Empire Avenue (https://www.empireavenue.com) has been probably best described as a “Social Media stock market” in which the EA currency, eaves, are invested, earned, given, and paid in the process of developing an Empire Avenue stock portfolio that pays dividends in eaves on a daily basis and pays even bigger dividends in the lasting friendships and amiable relationships that are developed with other players across the various platforms of social media in which interactions occur that includes Twitter, Facebook, Google Plus, LinkedIn, YouTube, among others.
I stumbled around on Empire Avenue for the first couple of months and in some regards, I am still stumbling around. I’ve come up with my own strategies over the course of the last couple of years that I’ve been cruising on Empire Avenue but none of my methods are based in any research or verifiable data. I just poke around by trial and error and try to keep on doing what seems to be working. Right or wrong, true or false, these are the conclusions that I’ve made when it comes to navigating around Empire Avenue and getting enough joy out of the process that it is something that I look forward to every day.
1. Just as true in life as it is in Social Media and particularly on Empire Avenue, you just can’t take it too seriously. By that, I mean you can’t let yourself get all emotional about it or allow yourself to get an attitude where you end up developing an enemies list, blocking people, trying to punish them. There’s absolutely no future in it, and much like coping a vengeful attitude in life, carrying grudges, and conspiring against others, the only one that gets hurt is yourself. As the saying goes, it is like taking poison and waiting for the other person to die. Pure insanity. You are better served and will have an infinitely more enjoyable time if you look at Empire Avenue as a cyber-land of opportunity, and primary in the opportunities that Empire Avenue offers is the exposure to new and interesting people from which enjoyable and rich relationships are established within the scope of Social Media. I find myself talking to friends and coworkers about people whom I only know online as though I knew them personally because traversing across the social media accounts of shareholders on Empire Avenue actually produces as well-rounded portrait of the person. Those who would argue that this is a superficial characterization, I would counter that it is no more or less so than the image that people project in person.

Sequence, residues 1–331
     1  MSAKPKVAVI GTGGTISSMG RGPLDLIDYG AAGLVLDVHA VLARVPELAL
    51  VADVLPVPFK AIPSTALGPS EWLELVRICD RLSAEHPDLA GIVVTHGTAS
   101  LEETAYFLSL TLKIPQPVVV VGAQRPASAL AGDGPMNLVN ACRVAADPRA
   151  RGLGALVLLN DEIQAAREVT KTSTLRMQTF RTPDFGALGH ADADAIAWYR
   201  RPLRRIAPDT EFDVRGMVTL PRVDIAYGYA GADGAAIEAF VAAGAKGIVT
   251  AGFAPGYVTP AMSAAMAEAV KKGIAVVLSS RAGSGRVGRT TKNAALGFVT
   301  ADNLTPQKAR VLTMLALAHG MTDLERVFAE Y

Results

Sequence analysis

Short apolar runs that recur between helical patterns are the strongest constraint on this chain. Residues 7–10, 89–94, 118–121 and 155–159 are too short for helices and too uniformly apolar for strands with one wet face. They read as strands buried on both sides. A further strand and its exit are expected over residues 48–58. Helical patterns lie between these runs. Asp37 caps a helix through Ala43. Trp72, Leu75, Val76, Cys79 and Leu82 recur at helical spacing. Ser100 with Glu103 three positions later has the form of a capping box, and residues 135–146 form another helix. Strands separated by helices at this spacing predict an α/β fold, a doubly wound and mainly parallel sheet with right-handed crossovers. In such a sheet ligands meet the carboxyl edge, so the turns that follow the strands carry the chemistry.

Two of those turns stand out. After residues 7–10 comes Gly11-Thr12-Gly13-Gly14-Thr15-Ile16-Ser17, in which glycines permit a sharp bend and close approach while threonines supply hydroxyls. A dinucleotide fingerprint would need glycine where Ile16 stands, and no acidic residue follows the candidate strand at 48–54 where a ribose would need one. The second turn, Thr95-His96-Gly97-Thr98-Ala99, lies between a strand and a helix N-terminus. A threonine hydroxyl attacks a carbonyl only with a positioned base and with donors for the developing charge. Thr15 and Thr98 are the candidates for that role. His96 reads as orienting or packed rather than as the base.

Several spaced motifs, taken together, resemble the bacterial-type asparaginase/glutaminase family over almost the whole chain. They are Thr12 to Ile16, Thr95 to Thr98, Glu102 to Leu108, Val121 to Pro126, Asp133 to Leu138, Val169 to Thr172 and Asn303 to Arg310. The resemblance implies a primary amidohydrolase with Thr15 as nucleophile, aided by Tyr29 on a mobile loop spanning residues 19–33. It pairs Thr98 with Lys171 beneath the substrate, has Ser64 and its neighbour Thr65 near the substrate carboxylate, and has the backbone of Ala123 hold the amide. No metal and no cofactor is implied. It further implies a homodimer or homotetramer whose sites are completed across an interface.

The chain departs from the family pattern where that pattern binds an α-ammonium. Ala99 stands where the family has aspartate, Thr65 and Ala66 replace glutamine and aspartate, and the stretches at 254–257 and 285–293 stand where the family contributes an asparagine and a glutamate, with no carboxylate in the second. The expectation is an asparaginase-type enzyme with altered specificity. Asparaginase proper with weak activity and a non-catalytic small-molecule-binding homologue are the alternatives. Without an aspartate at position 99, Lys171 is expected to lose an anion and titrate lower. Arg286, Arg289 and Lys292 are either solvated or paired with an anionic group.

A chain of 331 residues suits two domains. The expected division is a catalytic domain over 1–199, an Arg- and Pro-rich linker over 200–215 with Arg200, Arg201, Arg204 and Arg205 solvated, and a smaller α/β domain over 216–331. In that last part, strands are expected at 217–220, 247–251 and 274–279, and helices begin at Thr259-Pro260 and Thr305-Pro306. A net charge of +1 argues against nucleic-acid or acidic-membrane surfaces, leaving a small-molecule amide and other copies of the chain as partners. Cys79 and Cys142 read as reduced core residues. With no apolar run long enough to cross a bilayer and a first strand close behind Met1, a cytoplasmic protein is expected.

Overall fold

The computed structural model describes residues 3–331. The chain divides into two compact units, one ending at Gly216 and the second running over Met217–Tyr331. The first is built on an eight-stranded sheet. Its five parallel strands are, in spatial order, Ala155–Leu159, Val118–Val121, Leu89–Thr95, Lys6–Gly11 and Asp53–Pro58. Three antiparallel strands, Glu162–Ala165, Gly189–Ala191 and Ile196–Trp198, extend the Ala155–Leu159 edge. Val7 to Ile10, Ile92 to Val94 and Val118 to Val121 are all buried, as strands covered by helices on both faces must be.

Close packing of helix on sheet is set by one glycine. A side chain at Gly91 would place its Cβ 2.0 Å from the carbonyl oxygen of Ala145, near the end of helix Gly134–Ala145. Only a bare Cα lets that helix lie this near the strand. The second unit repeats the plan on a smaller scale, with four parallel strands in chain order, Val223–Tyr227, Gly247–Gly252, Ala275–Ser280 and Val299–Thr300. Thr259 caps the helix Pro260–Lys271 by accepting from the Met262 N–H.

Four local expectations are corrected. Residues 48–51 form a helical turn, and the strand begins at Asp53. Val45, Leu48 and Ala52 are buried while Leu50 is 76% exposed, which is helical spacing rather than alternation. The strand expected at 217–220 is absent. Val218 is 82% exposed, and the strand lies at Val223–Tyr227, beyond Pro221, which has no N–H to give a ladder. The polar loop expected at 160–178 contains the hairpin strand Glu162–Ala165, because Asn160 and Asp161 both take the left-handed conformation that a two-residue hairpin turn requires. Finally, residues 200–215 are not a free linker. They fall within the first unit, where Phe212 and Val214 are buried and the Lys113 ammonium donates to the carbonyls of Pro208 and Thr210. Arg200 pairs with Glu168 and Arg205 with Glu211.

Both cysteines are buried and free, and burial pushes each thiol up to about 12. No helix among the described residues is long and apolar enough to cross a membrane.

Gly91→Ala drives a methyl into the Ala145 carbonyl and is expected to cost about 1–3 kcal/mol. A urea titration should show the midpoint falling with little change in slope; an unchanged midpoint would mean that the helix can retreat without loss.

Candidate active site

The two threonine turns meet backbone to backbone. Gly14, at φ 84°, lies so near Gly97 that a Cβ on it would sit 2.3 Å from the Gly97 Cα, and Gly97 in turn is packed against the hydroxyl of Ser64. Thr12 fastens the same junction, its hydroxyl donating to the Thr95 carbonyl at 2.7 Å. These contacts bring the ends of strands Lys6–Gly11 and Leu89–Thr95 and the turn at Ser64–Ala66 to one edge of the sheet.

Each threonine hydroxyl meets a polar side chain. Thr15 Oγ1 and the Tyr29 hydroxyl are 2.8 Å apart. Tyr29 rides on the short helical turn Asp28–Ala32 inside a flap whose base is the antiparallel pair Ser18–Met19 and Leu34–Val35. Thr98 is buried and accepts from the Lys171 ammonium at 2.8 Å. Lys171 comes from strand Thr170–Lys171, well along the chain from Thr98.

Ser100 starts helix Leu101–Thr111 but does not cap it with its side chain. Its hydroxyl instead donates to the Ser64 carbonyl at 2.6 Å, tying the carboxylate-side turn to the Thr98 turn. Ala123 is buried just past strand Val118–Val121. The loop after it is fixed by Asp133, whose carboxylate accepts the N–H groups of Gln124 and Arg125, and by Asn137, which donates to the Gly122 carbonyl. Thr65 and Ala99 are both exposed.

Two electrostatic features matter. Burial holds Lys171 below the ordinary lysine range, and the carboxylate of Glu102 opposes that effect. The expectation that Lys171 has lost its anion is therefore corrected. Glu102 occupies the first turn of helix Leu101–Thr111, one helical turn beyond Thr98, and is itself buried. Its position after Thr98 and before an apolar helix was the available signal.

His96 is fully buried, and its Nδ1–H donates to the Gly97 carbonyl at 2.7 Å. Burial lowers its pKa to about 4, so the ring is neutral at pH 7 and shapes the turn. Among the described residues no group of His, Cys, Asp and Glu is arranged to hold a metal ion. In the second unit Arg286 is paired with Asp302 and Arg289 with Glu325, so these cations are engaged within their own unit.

2. As enjoyable as the “social” aspect is of Empire Avenue, there is the game itself as a social media stock market, the venue through which the relationships develop tangentially. My strategy there, based on nothing but my own trial-and-error, is to invest heavily in players that are active and have higher-paying dividends. The way that I find these is to go to my portfolio, select “Leaders” and then sort by “weekly dividends.” This gives me a descending list of investments according to the average payout per share, the highest usually being 4.00 eaves per share and goes down to 0.80 or slightly lower in the top 100 listed. I try to buy anyone that pays 1.00 or more, but there are a few other signs I look for before I plunge in and invest heavily. These are not based on scientific evidence but merely my own biased criteria that I use in lieu of an understanding of the actual algorithm that’s used to compute dividends. I look for someone who has made a purchase that day and mentally give them points if the last transaction occurred hours ago, check the number of missions that have been done that week, and look to see what badges they have. The Mission badge is a sure sign of an active player, and the premium member badge indicates a passion for the game beyond that of the average player. I also check the numbers for Instagram and Flickr. I’ve read that Instagram numbers have more weight on Empire Avenue (the way Klout is biased toward Facebook), but I’ve also read that it has no more weight than anything else. Regardless, I consider it an indicator, and I look for double-digits in both.